> African Botanic Gardens Network Bulletin 10
African Botanic Gardens Network Bulletin 10
EDITION No. 10 December 2005
Steering Committee Report Douglas Gibbs
News of Arusha Botanic Gardens –Tanzania Chris Dalzell
News from South Africa’s National Botanical Gardens Christopher Willis
Development of an Ethnobotanical Garden at
University of Zululand – KwaZulu Natal – South Africa Helene de Wet
Cycad Crisis in Limbe Botanic Garden – Cameroon Chris Forminyam
News from Osunpoly Botanic Garden – Nigeria Adeniyi A.Jayeola
Medicinal Plant Mound, KhoiSan Maze & Rock Art Shelter Yvette van Wijk
News from Nairobi Arboretum James Birnie
Welcome to the 2005 edition of our Bulletin. Many thanks to those of you who contributed, and expressed your interest and support – this is much appreciated. The good news is that the Steering Committee Meeting in Kenya was a great success and much was achieved and the future of the Network looks good.
African Botanic Gardens Network
Steering Committee Report - November 2005
The Steering Committee of the African Botanic Gardens Network met at Brachenhurst Baptist International Convention Centre, Limuru, Kenya, 28-29 November 2005. During the meeting, the Steering Committee reviewed activities since the 2004 Steering Committee Meeting, held in Barcelona, Spain. At Limuru, the Committee developed the 2006 Network Workplan and created the new level of management by developing position of National Coordinators to support the work of the Network at a more local level. Through the creation of National Coordinators it is hoped that the ABGN will be able to work more efficiently, support and respond better to different national conditions. National Coordinators for each country will be identified during the first half of 2006.
Present at the meeting were: George Owusu-Afriyie (Ghana) Chair and West African Network, Christopher Willis (South Africa) Southern African Network, Christopher Fominyam (Cameroon) Central African Network, William Wambugu (Kenya) East African Network, Walter Mangroo (Seychelles) Representative for the Indian Ocean Islands, Taleb Mohommad Sghir (Morocco) representing North African Network, Christopher Dalzell, (South Africa) Secretariat and ABGN Coordinator, Douglas Gibbs (UK) BGCI, Mark Nicholson (Kenya) observer, Roy Gereau (U.S.A.) observer and Mafanny Julie Mbome (Cameroon) observer.
Due to the creation of National Coordinators and postponement of the Assembly to 2007, minor changes to the Network Management Structure are required. Any comments on the new Network Management Structure (see attached) should be sent to the ABGN Secretariat by 30th June 2006. Following this consultation period, the new Network Management Structure will guide the operation of the Network until the next ABGN Assembly. The next Assembly is proposed to be held prior to the World Botanic Gardens 3 Congress, Wuhan, China in early 2007.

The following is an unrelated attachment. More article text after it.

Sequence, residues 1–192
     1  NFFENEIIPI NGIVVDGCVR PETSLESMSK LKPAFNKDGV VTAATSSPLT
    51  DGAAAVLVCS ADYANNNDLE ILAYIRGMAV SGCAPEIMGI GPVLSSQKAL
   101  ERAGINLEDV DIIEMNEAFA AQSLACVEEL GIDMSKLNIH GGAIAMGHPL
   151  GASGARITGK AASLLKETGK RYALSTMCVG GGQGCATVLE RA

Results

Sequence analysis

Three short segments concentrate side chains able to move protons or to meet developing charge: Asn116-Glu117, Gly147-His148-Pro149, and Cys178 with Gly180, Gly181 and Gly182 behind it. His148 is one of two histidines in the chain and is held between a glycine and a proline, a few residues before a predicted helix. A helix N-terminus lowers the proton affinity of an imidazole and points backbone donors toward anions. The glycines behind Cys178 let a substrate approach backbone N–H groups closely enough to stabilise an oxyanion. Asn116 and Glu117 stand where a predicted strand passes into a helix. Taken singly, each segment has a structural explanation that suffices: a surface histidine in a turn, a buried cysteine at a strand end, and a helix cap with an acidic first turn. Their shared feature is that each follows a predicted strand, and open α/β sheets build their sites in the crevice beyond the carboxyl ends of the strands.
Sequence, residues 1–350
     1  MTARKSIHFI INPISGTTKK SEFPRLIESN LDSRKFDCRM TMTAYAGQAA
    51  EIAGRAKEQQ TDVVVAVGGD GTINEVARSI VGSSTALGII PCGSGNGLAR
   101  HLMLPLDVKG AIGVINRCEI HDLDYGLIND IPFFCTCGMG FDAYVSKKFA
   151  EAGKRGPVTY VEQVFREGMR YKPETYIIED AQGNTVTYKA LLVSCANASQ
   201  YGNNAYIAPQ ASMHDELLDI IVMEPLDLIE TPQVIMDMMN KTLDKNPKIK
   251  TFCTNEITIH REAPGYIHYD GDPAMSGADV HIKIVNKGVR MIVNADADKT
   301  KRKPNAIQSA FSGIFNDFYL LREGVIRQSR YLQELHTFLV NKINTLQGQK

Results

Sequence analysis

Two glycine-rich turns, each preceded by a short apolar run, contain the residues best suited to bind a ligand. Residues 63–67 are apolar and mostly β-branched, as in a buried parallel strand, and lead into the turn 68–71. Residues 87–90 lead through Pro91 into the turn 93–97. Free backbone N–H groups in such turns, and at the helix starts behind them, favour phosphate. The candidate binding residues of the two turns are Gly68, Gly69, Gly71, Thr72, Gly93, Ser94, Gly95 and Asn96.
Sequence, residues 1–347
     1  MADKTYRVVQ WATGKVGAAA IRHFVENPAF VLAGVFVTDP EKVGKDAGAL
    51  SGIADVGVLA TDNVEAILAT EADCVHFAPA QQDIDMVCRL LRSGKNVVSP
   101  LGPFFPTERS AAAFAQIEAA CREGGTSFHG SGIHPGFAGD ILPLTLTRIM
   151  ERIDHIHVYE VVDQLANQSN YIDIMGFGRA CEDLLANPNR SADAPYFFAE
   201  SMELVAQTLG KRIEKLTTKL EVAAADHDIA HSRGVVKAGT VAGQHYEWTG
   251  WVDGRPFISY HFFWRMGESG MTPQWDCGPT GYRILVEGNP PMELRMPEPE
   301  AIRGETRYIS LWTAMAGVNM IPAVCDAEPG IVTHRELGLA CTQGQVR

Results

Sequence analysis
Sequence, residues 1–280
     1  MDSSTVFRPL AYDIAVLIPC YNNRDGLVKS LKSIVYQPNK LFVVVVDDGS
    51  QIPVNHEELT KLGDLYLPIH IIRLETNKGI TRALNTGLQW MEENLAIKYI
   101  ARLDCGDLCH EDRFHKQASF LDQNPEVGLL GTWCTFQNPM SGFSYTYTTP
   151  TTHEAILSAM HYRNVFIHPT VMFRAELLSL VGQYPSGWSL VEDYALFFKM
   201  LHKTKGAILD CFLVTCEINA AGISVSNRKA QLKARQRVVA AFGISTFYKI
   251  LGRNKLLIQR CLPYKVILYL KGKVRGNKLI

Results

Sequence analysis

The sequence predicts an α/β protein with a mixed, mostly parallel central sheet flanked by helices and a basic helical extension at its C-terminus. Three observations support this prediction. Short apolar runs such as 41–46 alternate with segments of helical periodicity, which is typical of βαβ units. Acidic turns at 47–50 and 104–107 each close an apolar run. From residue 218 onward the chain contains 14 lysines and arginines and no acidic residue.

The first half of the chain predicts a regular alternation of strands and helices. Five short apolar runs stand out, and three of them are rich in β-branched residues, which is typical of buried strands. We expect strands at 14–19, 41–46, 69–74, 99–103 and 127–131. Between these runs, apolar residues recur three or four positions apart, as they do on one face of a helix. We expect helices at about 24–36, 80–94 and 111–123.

Any comments on the 2005 Steering Committee Report should be sent to George Owusu Afryie (ABGN Chair [firstname.lastname@example.org]) and Chris Dalzell (ABGN Coordinator [email@example.com]). Full contact details for the Steering Committee are given on the BGCI-Africa/ABGN website www.bgci.org/africa
Annual Report to the African Botanic Gardens Network
A one-page report to be submitted by each botanical garden to the Regional Coordinator by 31 January. The report is to include bullet points indicating highlights achieved in the botanical garden through the previous calendar year, and challenges that the garden faces.
Latest contact details
Arusha Botanic Gardens.
Review 1 December 2005. Arusha, Tanzania
Chris Dalzell Curator – Durban Botanic Garden
A meeting was held in Arusha, Tanzania on 1 December 2005 to discuss the feasibility study for the establishment of the proposed Arusha Botanic Gardens. Those present at the meeting where:
Christopher Dalzell, Durban Botanic Gardens, South Africa
Christopher Willis, South African National Biodiversity Institute, South Africa
Mark Nicholson, Brackenhurst, Kenya
Roy Gereau, Missouri Botanic Gardens. USA
Felista, National Museum, Tanzania
The task team read through the proposal and felt that it needed to be simplified as it was too complex and too ambitious. The following was agreed on:
- Peter Raven would be contacted by the Secretariat of the ABGN and asked if he knew of a landscape Architect in the USA who could assist draw conceptual plans for the establishment of the Arusha Botanic Garden. CD
- Bruce Hobson from Nairobi would also be spoken to about assisting draw plans. Landscape architect. MN